Winter, the Great Leveller

Photo by Mark Evans on Flickr, CC BY-ND-2.0

If you live in a cold climate, as I do, you’ll have noticed that winter has a way levelling us out.

It shows us we’re all in the same boat.

Let me explain:

No matter how rich or poor you are, you’re going to have to deal with snow one way or another. If you live in a cold climate, there’s no escaping this fact.

Whether you drive a snazzy, expensive car or a modest runabout, winter has a way of making all vehicles look rather crappy. No matter how much you paid for your car, road salt and slush will cover it with an ugly grey-brown film.

Image by pasja1000 from Pixabay

And despite searching high and low for the most fashionable winter parka, you’ll still end up looking like an Arctic explorer, indistinguishable from everyone else.

Winter has a way of humbling us.

I think sin has the same sort of levelling effect.

Whatever walk of life we come from, we’re all going to have to deal with our sins somehow. There’s no escaping it.

No matter how wealthy or poor we are, when sin sticks to us, it makes all of us look rather stained. Whether a pauper or a prince, the muck of sin covers us all.

And even if we try to gussy up our image and paper over our sins, it simply doesn’t work. We’re fooling ourselves if we think we’re any better or different than anyone else.

When it comes to sin, we’re all in the same boat.

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Happy In-Between

Image by Jan Vašek from Pixabay

A few weeks ago, I heard a lady say, “Happy In-Between!”

It took me a moment to figure out what she meant.

I finally realized that she was referring to the time after Christmas but before New Year’s. We don’t really have a term to describe the awkward period between these two holidays, so this lady settled on “In-Between,” and hoped we’d have a happy time during it.

It got me thinking about the other “in-between” times in our lives.

Many of us go through times when we’re in an awkward phase of waiting for something to happen.

Perhaps we believe God has given us a promise about something He will do in our lives, but it’s taking a long time to come to pass.

Maybe we’re trusting God for a healing, a new job, the restoration of a marriage, or the return of a prodigal child.

It can be hard to stay happy during a time of limbo, when nothing seems to be happening in our situation. As the months go by, our prayers don’t seem any closer to being answered.

So what do we do when we’re having trouble staying upbeat, faithful, and patient during the in-between times, when life just seems to be a hard slog?

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The Dreams of the Blind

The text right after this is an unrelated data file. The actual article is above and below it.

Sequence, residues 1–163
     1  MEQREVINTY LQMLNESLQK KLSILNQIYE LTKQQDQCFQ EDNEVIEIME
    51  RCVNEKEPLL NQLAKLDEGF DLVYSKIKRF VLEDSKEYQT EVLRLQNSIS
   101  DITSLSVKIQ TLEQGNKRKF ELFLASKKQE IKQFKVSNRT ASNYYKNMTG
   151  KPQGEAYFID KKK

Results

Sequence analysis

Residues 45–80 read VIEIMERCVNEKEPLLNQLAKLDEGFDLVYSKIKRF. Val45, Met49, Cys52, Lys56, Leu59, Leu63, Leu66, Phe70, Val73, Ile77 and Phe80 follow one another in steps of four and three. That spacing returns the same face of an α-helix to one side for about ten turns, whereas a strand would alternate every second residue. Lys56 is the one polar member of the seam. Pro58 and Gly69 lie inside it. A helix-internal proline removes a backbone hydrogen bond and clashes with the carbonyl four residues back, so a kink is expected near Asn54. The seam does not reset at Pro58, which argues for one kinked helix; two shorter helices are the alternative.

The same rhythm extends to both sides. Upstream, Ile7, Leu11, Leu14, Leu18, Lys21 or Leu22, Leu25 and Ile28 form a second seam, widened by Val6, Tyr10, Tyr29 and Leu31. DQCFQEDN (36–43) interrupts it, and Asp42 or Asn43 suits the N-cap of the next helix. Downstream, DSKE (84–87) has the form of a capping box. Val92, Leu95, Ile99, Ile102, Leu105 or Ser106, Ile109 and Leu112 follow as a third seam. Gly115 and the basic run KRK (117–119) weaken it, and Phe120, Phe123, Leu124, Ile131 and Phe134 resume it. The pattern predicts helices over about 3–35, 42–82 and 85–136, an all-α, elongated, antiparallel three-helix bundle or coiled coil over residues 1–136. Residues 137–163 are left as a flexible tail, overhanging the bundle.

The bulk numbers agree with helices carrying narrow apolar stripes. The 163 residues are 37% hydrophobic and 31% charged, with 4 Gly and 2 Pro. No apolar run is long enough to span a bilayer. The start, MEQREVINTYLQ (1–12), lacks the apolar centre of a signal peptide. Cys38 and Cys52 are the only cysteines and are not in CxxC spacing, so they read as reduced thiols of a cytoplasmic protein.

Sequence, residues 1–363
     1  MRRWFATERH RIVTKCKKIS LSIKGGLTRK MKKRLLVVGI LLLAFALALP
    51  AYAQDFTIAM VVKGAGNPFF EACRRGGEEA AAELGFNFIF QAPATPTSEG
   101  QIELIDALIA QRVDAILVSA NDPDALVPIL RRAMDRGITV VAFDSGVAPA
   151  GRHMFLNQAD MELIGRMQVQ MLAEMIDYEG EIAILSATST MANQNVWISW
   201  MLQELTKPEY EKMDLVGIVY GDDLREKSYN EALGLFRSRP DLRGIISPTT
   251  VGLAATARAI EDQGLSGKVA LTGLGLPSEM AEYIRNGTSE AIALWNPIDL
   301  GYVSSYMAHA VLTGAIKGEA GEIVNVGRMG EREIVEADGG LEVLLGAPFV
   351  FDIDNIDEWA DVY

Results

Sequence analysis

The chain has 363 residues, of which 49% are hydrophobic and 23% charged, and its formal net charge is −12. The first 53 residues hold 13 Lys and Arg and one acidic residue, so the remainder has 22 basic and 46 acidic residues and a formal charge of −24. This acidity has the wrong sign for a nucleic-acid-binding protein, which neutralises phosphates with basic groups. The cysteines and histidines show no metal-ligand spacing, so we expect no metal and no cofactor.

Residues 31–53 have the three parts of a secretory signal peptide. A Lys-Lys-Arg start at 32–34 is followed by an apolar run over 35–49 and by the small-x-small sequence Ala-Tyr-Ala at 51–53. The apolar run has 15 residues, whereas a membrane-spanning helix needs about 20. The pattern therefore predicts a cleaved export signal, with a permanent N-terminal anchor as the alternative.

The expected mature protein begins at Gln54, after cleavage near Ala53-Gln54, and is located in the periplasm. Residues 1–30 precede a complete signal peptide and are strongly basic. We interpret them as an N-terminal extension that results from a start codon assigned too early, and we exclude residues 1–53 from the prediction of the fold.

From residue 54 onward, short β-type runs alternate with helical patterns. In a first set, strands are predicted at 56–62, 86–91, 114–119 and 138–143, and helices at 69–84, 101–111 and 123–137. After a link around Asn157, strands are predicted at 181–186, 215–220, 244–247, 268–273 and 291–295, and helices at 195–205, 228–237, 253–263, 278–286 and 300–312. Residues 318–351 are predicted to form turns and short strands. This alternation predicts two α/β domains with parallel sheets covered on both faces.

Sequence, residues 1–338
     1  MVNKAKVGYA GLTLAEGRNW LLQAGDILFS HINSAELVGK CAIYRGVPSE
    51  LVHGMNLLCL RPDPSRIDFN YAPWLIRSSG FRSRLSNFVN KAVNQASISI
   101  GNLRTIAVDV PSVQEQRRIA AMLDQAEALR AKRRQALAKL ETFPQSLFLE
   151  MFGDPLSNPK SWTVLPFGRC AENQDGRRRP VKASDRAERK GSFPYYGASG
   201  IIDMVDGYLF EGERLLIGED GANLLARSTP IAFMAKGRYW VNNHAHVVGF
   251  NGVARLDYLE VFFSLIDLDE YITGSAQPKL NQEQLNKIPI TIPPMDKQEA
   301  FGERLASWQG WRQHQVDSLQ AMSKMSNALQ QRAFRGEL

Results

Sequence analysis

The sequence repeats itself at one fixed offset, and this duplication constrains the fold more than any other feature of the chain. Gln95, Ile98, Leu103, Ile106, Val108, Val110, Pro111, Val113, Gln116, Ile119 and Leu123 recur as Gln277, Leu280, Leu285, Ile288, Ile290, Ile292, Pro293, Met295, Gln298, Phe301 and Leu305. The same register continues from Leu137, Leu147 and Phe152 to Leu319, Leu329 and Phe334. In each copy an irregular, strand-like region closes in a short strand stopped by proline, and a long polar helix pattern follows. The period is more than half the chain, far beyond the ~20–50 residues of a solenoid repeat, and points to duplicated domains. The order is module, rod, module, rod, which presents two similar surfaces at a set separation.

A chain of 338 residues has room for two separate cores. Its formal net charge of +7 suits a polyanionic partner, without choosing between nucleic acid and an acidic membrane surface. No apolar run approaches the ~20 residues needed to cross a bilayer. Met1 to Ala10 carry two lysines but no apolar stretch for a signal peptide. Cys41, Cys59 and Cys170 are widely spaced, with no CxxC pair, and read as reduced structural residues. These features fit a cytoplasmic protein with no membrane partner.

What do blind people dream about?

Do they dream in pictures, or in sensations and sounds?

Researchers tell us that it depends on when they lost their sight.

The brains of those who went blind after ages five to eight will have received a lot of visual inputs during the years when they could still see. These individuals are able to form visual dreams using the images stored in their memory banks for a good while after they’ve lost their sight.

People who are blind from birth are different, researchers say. The brains of these individuals have no visual images to work with, so they don’t dream in pictures like the rest of us. Instead, their dreams are based on input from the other senses: sound, taste, smell, or touch.

The upshot is that the blind can only dream using the inputs they’ve received.

Isn’t this true for all of us, in a way?

We can only dream about achieving or receiving things based on the examples that have been “inputted” into our minds. If we have never seen a real-life example that something is possible, we’ll probably never dream about it for ourselves.

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Divine Forgetfulness

Image by Tumisu from Pixabay

Does God have a bit of a memory problem?

It would appear so, according to the Bible.

Several Scriptures tell us that when God forgives our sins, he also forgets them.

Isaiah 43:25 tells us that God blots out our transgressions and remembers our sin no more.

Hebrews 8:12 echoes this: “And I will forgive their wickedness, and I will never again remember their sins.”

But if God’s memory of the sinful things we did is wiped clean, why isn’t ours?

Why didn’t He arrange it so that we can’t remember our shameful deeds, either?

I’m sure many of us would love to have amnesia about our moral failures, but God knows that this isn’t best for us.

I think there are several reasons for this:

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The Joy of Long Letters

Image by hudsoncrafted from Pixabay

Isn’t it lovely to receive a long letter from someone who loves you?

In an age of tweets, text messages, and sound bites, perhaps many of us are missing out on this special joy.

Several times a year, I am privileged to receive a long missive from an older male relative. These letters are hand-written, and the latest one was 18 pages long! I treasure these letters, and go back to them time and again to refresh my memory about what he’s said.

In the letters, my relative will share his views on world events, discuss the progress his garden is making, or pass along some wisdom about life. Invariably, he’ll also throw in a bit of cornball humour.

Throughout the letters are woven his love and regard for me. After all, you wouldn’t go to the trouble of writing an 18-page letter to someone if you didn’t care about them, would you?

Would you like to receive a letter like that from someone who loves you?

In fact, you already have!

God Himself has written letters to you in the form of the Bible.